These should be a rotating set of members who get randomly assigned to projects. This should help minimize some external influences from people who have monetary interests in the project.

  • Once the framework of helpful and harmful uses has been established, public can vote on whether they would like to see the effort take life or not.
  • Track the cognitive development of the AI body as you would track for a human child or develop something close to that.
    • Until the AI body is considered to be a minor, the parent i.e. the company developing the AI should accept responsibility for any and every harm the AI body caused- known or unintended. In my opinion we should definitely begin this with self driving cars who are still developing their own sense of judgement.
    • Once the AI body is deemed to be an Adult, implement a system of Shared responsibility between Users, Creators and the Creation (since it will have intelligence) . For example, if a user is attempting to use the digital technology for human trafficking then warn the user and allow him/her to rescind the process, if the user chooses to ignore the warning then share the user’s IP address/details with local law enforcement authorities. The creator i.e. the engineers/companies should be asked to code in a way that the AI body is able to determine if a use could cause harm to any person/group. The AI being should also be coached in/fed with data from philosophy, liberal arts, social sciences so that it can develop it’s own sense of helpful/harmful uses which is in alignment with overall human and planet welfare.

How to make this check and balance system ‘money and power proof’ will be a question that will need to be answered.

We know that AI is going to change our experience of being human as have other recent technological advancements. I shall leave you with a few thought clouds for you to ponder upon:

  • Can we make an effort to be pro-active by involving diverse minds to foresee the risks and impacts?
  • Can we think beyond the first order consequences and wonder about the psycho-social, spiritual and environmental impacts during the process of creation?
  • Can we let common people have a say instead of simply forcing this new unforeseen age on everyone?

Thought Library:

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Patterns- let’s decode. Shall we?

Today I am experiencing one of those beautiful synchronicities that life offers you. This morning I was reading a book titled ‘Patterns of the Hypnotic Techniques of Milton Erickson’ and later in the day while surfing for something to watch I stumbled upon this video titled ‘ The brain that changes itself’ on Amazon. Let me share and elaborate how my little head connects the two and there’s also a bonus at the end. Have fun!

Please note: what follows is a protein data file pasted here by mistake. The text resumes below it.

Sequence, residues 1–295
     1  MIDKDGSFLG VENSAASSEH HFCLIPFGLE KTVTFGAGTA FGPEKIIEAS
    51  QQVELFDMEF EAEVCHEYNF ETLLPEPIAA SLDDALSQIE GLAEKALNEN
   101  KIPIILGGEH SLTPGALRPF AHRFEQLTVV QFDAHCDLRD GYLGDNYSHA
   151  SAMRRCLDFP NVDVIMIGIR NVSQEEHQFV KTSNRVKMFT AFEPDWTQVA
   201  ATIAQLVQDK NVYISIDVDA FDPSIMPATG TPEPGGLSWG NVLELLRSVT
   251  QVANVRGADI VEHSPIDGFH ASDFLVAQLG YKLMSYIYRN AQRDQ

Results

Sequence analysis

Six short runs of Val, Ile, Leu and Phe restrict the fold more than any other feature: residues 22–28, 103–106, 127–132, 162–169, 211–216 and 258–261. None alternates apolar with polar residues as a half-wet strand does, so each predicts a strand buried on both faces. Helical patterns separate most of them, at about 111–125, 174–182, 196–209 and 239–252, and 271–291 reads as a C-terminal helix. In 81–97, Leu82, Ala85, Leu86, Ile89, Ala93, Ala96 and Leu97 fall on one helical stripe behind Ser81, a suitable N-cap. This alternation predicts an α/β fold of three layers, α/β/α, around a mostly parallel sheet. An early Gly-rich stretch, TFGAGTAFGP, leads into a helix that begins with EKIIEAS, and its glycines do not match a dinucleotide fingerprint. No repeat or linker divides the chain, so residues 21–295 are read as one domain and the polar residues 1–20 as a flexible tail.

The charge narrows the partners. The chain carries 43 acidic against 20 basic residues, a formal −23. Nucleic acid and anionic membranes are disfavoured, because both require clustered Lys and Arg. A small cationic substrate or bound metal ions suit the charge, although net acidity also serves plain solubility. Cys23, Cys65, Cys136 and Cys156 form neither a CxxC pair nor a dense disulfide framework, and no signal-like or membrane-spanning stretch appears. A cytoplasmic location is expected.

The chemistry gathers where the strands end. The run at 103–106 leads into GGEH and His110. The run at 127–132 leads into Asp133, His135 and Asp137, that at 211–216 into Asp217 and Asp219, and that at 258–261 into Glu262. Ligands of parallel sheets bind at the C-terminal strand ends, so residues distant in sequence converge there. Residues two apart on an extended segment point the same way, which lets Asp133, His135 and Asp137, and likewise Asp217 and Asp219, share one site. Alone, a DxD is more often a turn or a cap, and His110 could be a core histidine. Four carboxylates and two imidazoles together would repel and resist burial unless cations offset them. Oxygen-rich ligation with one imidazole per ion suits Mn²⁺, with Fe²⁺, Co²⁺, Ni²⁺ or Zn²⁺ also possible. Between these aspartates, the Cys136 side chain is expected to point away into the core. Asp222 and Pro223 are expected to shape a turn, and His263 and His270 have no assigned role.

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Mastadon of IPFW, Fort Wayne, Indiana.

I am only 10th page of the book I mentioned and I loved how the author talks about the different messages we decode everyday from our external environment unconsciously. How do we decode these messages? Via our senses i.e. sight, smell, hearing, touch. For most people only one of these senses is the dominant source of information. Our decoding of this information depends on our past conditioning to a large extent. For example: When you say or read the word ‘food’ , each one of us experiences this word differently based on our associations to the word food in the past. It could be an image, it could be a distinct smell, it could be texture or the clinging of vessels related to the word. While we are forming those experiences/associations in the beginning we don’t filter it out, we simply receive and save it in our repository. This then helps us to not have to go through this decoding process again when we hear/read the word food. This association becomes our default as we grow up and we never really challenge it. We assume that what ‘food’ means for us is what it means for everyone else in general. This assumption of sameness makes our lives easier for sure but this assumption can also limit our abilities to learn more and new meanings of the word ‘food’. As I write this, I can think of how so many individuals argue over the definition of what is and what is not ‘food’ which is a never ending argument for many. So remember that we as humans like certainty and we create these patterns which need to be used by default without being questioned so that we can then utilize our brain power on other important issues like performing on job, rearing children etc. This can also be called our need to maintain homeostasis. Some of these patterns are helpful but some of these limit us.  But can these patterns not be changed or should they be changed at all in the first place?